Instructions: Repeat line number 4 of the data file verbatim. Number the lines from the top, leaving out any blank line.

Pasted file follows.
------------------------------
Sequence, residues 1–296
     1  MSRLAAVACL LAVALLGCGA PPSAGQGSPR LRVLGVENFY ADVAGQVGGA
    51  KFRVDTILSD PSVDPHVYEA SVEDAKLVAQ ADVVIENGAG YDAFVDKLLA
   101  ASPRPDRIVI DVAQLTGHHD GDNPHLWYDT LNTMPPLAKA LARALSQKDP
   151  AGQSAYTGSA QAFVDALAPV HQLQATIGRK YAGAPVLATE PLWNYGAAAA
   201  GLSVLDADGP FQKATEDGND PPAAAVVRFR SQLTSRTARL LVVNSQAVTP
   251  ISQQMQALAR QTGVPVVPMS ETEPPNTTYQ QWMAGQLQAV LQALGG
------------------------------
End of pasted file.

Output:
   101  ASPRPDRIVI DVAQLTGHHD GDNPHLWYDT LNTMPPLAKA LARALSQKDP